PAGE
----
Jerod Mayo, who is coming off an injury plagued season, is the star of the defensive unit.  Gary Guyton played next to him last year, but he is likely to lose that job soon to either the rangy, athletic Tyrone McKenzie or the powerful, instinctive Brandon Spikes.  Tully Banta-Cain had a strong 2009 season as a pass rusher, but he’s a system guy filling a huge hole.  Jermaine Cunningham and Derrick Burgess are in a desperation battle with Marques Murrell for the other OLB spot.  Cunningham could start as a rookie.

Leigh Bodden is the team’s best corner and Brandon Merriweather is the best safety, and after that, the secondary is all-young.  The oldest corner (aside from Bodden), Jonathon Wilhite, is 26.  There are a pair of veteran safeties competing for the free safety role, both are 26: Brandon McGowan, and James Sanders.  Starter-in-waiting Pat Chung turns 23 this week.  Outside of Bodden, no member of the secondary exceeds 26 years old.

Those outside linebackers are the weak spot on the team for a second year in a row.  New England ranked in the bottom half in adjusted sack rate last season, and they are a team who likes to bring their pressure from all angles.  That should help ASR, and it probably did, as the Pats have not much behind Banta-Cain to get to the passer.

Brady will go as his skill positions go, which is why the Wes Welker knee rehabilitation is a storyline that runs front and center at Pats camp.  Brady used Randy Moss to the fullest of his abilities back in 2007, but Welker has been the motor of the entire Pats offense and there is no offense without him.  For all he’s good at, Julian Edelman is just a guy who stands in for Welker when he’s out, the Pats passing offense is in trouble without him.  To their credit, the Pats took Aaron Hernandez out of Florida, a player who is good enough to be the Wes Welker of the next generation Patriots passing game, probably out of an H-back role.  Rob Gronkowski is more of a traditional tight end, but only by Patriots standards, as he’s a pretty versatile player in his own right.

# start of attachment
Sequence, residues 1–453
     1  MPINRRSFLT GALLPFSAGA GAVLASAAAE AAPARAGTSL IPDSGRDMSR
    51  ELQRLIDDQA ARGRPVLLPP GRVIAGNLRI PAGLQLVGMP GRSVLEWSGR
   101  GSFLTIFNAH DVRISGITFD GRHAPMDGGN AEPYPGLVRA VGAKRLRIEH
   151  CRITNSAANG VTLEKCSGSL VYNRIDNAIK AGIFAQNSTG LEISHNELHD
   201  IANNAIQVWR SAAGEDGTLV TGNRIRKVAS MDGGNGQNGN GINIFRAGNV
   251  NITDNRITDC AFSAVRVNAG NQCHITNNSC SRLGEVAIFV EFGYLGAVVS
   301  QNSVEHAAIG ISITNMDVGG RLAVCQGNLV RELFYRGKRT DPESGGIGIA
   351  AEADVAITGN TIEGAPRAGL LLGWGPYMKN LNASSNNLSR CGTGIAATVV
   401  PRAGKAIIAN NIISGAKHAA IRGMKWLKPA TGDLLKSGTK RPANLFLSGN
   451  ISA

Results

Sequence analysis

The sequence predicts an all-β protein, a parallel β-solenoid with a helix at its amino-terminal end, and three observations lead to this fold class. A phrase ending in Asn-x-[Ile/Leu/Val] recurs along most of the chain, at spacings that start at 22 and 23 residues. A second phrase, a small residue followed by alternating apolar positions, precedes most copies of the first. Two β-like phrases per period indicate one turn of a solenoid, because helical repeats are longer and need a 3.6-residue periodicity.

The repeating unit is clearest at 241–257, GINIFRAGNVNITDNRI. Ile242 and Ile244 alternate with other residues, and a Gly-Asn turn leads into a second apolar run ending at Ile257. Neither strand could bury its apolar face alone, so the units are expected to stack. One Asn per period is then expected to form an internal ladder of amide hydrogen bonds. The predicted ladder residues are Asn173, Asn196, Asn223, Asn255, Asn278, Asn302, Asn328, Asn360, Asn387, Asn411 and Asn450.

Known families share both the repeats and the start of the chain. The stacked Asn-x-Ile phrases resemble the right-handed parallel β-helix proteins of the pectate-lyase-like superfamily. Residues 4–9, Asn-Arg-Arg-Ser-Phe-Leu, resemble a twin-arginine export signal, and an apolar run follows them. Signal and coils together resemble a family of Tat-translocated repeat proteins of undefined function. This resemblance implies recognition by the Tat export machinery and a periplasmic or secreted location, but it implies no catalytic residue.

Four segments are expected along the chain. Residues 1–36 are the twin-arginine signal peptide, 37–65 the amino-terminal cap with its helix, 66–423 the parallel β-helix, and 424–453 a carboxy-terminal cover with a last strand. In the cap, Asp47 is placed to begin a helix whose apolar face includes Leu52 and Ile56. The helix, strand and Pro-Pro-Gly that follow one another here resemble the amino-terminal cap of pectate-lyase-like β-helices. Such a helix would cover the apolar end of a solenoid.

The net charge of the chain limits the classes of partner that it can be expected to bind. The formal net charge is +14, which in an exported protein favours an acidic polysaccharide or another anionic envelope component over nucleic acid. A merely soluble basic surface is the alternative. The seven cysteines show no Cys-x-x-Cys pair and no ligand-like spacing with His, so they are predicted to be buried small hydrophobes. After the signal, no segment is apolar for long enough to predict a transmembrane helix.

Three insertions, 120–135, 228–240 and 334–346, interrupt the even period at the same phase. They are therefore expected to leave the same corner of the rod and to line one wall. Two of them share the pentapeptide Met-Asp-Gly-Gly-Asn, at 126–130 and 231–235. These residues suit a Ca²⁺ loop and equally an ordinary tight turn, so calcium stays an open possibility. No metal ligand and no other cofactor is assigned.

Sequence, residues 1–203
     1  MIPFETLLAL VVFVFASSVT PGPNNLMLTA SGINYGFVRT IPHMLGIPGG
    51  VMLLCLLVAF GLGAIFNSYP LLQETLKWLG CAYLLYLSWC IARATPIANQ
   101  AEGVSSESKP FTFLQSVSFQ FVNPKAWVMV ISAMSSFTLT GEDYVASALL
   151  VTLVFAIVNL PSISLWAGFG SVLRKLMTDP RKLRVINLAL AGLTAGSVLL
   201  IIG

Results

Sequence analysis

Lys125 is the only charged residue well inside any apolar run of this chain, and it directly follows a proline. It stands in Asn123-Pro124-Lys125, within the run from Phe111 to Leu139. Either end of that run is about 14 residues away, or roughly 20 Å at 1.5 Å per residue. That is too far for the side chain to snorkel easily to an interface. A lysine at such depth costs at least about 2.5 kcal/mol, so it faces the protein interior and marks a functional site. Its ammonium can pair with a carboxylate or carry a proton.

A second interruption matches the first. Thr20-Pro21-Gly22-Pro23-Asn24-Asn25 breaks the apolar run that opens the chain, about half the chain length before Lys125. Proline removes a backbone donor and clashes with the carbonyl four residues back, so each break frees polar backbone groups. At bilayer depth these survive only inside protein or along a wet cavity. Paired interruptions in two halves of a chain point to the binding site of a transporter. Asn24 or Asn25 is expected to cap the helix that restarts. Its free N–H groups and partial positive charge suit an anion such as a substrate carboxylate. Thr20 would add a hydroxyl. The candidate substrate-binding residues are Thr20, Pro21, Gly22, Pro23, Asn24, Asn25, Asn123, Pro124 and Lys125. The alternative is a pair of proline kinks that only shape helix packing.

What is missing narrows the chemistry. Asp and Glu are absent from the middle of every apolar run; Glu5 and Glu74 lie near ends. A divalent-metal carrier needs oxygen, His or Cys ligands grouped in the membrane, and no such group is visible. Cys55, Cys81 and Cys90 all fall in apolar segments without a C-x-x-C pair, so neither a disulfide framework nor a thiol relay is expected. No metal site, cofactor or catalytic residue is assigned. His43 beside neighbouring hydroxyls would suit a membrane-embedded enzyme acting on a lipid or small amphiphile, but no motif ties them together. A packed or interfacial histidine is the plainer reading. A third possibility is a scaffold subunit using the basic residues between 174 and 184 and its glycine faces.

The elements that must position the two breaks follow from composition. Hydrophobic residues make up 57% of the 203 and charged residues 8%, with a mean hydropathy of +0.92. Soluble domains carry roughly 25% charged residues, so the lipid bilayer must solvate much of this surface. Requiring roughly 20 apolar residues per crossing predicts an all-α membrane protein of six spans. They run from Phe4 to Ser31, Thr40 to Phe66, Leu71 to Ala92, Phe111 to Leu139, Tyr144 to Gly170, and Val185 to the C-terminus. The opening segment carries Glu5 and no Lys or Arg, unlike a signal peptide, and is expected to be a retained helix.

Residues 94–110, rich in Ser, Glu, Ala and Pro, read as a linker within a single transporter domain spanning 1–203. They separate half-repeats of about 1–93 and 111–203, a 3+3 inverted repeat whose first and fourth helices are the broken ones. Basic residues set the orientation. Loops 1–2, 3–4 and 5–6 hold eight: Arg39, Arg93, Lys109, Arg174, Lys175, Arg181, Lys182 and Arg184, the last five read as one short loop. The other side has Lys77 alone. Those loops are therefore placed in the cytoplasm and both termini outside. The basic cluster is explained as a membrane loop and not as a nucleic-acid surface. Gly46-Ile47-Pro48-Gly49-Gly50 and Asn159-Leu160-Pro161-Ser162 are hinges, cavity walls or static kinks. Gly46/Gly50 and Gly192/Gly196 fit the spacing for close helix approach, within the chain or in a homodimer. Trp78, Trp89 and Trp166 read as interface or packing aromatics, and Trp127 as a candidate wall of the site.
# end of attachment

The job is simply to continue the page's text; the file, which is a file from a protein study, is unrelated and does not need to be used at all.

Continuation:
A big storyline will be that the Patriots will try desperately to find a Randy Moss replacement.  The leaders for the role are Brandon Tate, a second year man out of North Carolina, and Taylor Price, a third round pick this year.  Both have a way to get into the starting lineup: FA pickup Torry Holt hit IR as this article was being written (he likely wouldn’t have made the cut anyway), leaving Sam Aiken as the incumbent starter in the 3 WR offense of the Pats.  Aiken isn’t talented enough to block Price or Tate, so if they are ready, they will play.

The final issue would be to sort out the running backs.  Laurence Maroney is the starter in a contract year.  Kevin Faulk will remain a situational back and the pass catching specialist.  Sammy Morris gives the Pats flexibility to hold no fullbacks (he can line up there in goal line formations), and break camp with up to five RBs, including: BenJarvus Green-Ellis, and Fred Taylor.  Taylor might still be the best of the group, at least in limited time.  Morris has excellent per play numbers, since joining the Patriots.

Fighting for a spot on the roster

The Pats have done a great job rebuilding the QB position after trading Matt Cassel.  Both Brian Hoyer and Zac Robinson are better prospects than the Chiefs starter.  The only question here is whether the Patriots will keep three QBs.

I’m thinking there’s no space on the roster for WR Matthew Slater, even with Torry Holt out of the mix.  I don’t think the Pats are ready to make a final decision between Tate and Price, and he’s not going to beat out Edelman.  That means theres one spot for Slater and Sam Aiken, and Aiken both plays and contributes on offense.

The Pats have Eric Ghiaciuc in with them as a potential backup Center, but he’s likely to lose that battle to rookie Ted Larsen.  Utility lineman Dan Connolly, Rich Ohrnberger, and rookie seventh round pick Thomas Welch will battle for just one or two spots.  There might be an extra one this year if Logan Mankins doesn’t report for the season.  Starting guard might end up being the most entertaining camp battle for the Pats this year, as Ghiaciuc could be in the mix for that.

Rookie Zoltan Mesko from Michigan is the only punter on the roster.